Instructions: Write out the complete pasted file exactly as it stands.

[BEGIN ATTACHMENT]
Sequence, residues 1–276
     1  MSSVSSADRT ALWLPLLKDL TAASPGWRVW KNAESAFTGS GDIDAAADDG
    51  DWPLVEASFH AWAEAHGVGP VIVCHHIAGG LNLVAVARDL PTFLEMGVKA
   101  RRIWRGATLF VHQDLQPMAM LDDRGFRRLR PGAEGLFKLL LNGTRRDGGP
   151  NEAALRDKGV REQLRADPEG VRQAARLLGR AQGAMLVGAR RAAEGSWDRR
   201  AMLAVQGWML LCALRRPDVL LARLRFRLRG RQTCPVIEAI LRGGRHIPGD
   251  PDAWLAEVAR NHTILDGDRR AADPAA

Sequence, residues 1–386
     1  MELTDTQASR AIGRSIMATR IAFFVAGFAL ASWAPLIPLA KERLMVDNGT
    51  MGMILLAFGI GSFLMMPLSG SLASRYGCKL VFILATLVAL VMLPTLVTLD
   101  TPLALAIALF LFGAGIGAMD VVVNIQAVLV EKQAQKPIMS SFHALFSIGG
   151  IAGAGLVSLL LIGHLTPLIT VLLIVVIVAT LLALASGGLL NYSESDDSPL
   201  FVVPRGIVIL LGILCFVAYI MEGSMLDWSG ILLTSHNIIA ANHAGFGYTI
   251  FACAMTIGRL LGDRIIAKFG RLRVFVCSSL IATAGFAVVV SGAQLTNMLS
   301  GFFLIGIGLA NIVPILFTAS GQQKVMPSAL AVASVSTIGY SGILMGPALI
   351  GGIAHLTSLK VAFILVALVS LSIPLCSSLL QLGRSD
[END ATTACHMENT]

Sequence, residues 1–276
     1  MSSVSSADRT ALWLPLLKDL TAASPGWRVW KNAESAFTGS GDIDAAADDG
    51  DWPLVEASFH AWAEAHGVGP VIVCHHIAGG LNLVAVARDL PTFLEMGVKA
   101  RRIWRGATLF VHQDLQPMAM LDDRGFRRLR PGAEGLFKLL LNGTRRDGGP
   151  NEAALRDKGV REQLRADPEG VRQAARLLGR AQGAMLVGAR RAAEGSWDRR
   201  AMLAVQGWML LCALRRPDVL LARLRFRLRG RQTCPVIEAI LRGGRHIPGD
   251  PDAWLAEVAR NHTILDGDRR AADPAA

Sequence, residues 1–386
     1  MELTDTQASR AIGRSIMATR IAFFVAGFAL ASWAPLIPLA KERLMVDNGT
    51  MGMILLAFGI GSFLMMPLSG SLASRYGCKL VFILATLVAL VMLPTLVTLD
   101  TPLALAIALF LFGAGIGAMD VVVNIQAVLV EKQAQKPIMS SFHALFSIGG
   151  IAGAGLVSLL LIGHLTPLIT VLLIVVIVAT LLALASGGLL NYSESDDSPL
   201  FVVPRGIVIL LGILCFVAYI MEGSMLDWSG ILLTSHNIIA ANHAGFGYTI
   251  FACAMTIGRL LGDRIIAKFG RLRVFVCSSL IATAGFAVVV SGAQLTNMLS
   301  GFFLIGIGLA NIVPILFTAS GQQKVMPSAL AVASVSTIGY SGILMGPALI
   351  GGIAHLTSLK VAFILVALVS LSIPLCSSLL QLGRSD